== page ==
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Euronews: EU Kills Broadband Budget

Paul Rainford

Europe's politicos, Ericsson AB, Gemalto and the International Telecommunication Union (ITU) feature in today's regional roundup.

  • The European Union's political heavyweights have sacrificed the planned regional investments in broadband infrastructure as part of the agreed budget cuts announced late last week. The new total EU spending plan across the 28 member states for 2014-2020 is now pegged at €908.4 billion (US$1.22 trillion), about €34 billion ($45.5 billion) lower than originally proposed. The cuts were achieved by reducing the planned investments related to a number of infrastructure, research and technology projects, including the Connecting Europe Facility. As a result, the European Commission might not invest anything in broadband infrastructure during the seven-year stretch covered by the budget, throwing the digital agenda of EC commissioner Neelie Kroes into chaos.
  • Ericsson and Dutch digital security specialist Gemalto have teamed up to market a machine-to-machine (M2M) platform based on embedded Universal Integrated Circuit Card subscription management technology.
  • The ITU has published an extensive "Outcomes Report" that provides details from, and analysis of, the various sessions, workshops and discussions held at the Union's Telecom World event, which took place in Dubai during October 2012. You can access the report here.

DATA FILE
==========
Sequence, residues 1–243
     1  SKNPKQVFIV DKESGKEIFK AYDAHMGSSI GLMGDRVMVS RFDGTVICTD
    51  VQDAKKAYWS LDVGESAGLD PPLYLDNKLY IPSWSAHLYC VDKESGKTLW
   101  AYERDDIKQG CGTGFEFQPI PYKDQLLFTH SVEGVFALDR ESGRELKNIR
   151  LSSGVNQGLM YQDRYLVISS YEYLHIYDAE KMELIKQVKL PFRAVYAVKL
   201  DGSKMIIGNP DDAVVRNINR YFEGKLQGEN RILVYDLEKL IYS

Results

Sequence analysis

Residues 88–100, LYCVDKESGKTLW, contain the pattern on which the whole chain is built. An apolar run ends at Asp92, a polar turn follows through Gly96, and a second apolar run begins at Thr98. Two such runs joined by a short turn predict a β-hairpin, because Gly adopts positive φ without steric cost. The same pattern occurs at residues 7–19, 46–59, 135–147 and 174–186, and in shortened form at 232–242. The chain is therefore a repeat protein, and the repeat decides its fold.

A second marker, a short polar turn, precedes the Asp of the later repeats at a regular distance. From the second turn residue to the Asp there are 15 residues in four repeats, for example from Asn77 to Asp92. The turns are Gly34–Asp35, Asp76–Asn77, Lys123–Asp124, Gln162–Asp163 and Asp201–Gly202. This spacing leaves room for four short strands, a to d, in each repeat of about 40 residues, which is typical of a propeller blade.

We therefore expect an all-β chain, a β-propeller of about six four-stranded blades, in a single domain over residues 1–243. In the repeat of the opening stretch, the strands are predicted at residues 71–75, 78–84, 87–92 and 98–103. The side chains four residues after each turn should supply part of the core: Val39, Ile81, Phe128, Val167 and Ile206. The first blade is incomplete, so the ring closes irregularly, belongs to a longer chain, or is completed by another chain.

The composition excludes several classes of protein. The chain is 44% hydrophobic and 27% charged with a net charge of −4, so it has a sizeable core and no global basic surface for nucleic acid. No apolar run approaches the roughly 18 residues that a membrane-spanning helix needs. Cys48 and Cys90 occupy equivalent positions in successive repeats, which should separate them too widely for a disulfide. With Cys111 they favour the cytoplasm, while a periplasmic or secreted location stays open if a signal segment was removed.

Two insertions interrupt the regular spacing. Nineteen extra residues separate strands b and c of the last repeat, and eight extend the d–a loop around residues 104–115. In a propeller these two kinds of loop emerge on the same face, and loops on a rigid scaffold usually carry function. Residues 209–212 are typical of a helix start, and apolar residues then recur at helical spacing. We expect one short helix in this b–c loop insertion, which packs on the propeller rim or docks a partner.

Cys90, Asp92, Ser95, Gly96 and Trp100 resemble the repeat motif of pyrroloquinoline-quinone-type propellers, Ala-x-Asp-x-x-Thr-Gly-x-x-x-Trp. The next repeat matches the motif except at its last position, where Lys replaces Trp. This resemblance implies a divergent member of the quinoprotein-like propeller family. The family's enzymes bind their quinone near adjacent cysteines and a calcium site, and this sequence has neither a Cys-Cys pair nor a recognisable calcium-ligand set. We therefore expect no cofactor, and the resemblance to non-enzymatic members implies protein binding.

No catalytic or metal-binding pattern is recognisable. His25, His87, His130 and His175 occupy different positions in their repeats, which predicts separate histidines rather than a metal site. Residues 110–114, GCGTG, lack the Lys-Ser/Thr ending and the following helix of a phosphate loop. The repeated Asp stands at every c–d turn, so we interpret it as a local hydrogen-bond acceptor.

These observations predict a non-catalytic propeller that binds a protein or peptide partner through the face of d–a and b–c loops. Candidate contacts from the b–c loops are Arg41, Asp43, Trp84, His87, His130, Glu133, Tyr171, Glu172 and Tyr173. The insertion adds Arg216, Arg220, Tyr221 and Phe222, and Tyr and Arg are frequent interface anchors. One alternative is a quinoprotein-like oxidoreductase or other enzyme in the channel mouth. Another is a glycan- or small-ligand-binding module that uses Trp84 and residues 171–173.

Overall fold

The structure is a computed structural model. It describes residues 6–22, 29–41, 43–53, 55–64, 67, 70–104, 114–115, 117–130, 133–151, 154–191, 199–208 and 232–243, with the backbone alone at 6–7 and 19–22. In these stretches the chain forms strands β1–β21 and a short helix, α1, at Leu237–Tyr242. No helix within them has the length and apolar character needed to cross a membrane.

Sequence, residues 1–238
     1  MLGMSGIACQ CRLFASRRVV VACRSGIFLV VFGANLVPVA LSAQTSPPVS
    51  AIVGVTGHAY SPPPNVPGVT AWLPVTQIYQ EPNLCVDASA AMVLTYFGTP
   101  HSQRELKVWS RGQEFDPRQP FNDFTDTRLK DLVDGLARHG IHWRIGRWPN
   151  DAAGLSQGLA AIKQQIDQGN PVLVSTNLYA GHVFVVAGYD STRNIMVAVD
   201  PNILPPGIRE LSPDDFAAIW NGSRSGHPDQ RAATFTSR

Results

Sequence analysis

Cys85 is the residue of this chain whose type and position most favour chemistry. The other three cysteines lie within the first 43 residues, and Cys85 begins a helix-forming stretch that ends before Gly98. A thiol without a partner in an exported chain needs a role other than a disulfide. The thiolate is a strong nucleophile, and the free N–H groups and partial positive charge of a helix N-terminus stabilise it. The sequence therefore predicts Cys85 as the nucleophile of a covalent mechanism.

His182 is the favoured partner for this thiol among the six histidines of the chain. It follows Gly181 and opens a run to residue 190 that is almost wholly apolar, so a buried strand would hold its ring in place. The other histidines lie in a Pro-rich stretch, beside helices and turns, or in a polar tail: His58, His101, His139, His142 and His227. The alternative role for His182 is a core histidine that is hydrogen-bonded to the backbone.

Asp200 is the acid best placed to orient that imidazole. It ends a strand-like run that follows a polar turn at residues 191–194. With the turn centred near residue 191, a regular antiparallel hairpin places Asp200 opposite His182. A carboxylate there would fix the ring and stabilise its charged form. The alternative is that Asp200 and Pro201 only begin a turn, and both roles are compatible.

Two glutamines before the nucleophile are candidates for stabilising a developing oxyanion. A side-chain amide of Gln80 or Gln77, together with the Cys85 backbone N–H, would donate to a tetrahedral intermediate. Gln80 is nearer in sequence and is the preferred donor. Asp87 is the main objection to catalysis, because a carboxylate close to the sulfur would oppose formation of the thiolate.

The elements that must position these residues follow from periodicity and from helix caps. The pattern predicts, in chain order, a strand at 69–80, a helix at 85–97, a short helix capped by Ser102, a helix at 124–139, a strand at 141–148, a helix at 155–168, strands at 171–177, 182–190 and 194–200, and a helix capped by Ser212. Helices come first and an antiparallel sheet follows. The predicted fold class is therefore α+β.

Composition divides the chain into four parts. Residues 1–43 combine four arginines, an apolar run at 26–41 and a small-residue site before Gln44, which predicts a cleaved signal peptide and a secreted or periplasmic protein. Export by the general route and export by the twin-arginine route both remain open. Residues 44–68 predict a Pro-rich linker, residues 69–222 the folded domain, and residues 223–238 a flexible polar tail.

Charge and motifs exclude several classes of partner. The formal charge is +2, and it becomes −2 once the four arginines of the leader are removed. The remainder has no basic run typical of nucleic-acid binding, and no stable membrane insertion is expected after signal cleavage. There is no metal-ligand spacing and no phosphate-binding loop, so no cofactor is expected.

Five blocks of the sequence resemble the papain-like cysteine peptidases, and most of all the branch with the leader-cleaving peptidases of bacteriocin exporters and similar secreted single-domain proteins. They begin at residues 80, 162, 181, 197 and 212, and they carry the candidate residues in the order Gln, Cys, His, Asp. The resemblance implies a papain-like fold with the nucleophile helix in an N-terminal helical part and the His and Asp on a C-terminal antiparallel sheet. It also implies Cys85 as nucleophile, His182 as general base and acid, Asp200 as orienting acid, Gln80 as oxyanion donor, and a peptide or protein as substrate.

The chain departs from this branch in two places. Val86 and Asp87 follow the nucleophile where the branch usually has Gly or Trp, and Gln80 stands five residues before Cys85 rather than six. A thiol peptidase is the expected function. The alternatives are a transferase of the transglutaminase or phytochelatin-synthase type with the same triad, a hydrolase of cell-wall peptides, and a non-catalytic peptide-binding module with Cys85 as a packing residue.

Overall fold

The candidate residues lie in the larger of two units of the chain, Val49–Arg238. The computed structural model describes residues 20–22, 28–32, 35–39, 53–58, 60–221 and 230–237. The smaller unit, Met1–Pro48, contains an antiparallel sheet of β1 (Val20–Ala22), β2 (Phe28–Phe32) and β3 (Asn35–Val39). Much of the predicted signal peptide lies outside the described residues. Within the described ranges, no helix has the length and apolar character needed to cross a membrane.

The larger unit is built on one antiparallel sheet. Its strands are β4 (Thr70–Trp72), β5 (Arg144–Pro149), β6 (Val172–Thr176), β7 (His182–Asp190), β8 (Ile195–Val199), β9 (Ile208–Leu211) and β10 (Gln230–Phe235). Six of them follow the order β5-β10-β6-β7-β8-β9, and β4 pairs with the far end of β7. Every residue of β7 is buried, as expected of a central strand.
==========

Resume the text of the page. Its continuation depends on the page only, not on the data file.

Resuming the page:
• The flurry of M&A activity in the last week or two has prompted private equity firms to resurrect plans for a £10 billion ($15.7 billion) buyout of U.K. mobile joint venture Everything Everywhere Ltd. (EE), reports Reuters. Kohlberg Kravis Roberts & Co. (KKR) and CVC Capital Partners are among the names being bandied around as interested parties. (See Euronews: EE Tests Waters on Flotation.)
  • Now here's an arresting/alarming (delete where applicable) announcement from Germany's largest carrier: "Deutsche Telekom partners with Depeche Mode." For music fans of a certain vintage, the very mention of these leather-trousered hardy perennials of synth-heavy pop brings back painful memories of teenage discos. But, let's be honest, they're more fun than Kraftwerk. (For the record, DT are "presenting" some of the gigs in DM's forthcoming European tour.) — Paul Rainford, Assistant Editor, Europe, Light Reading

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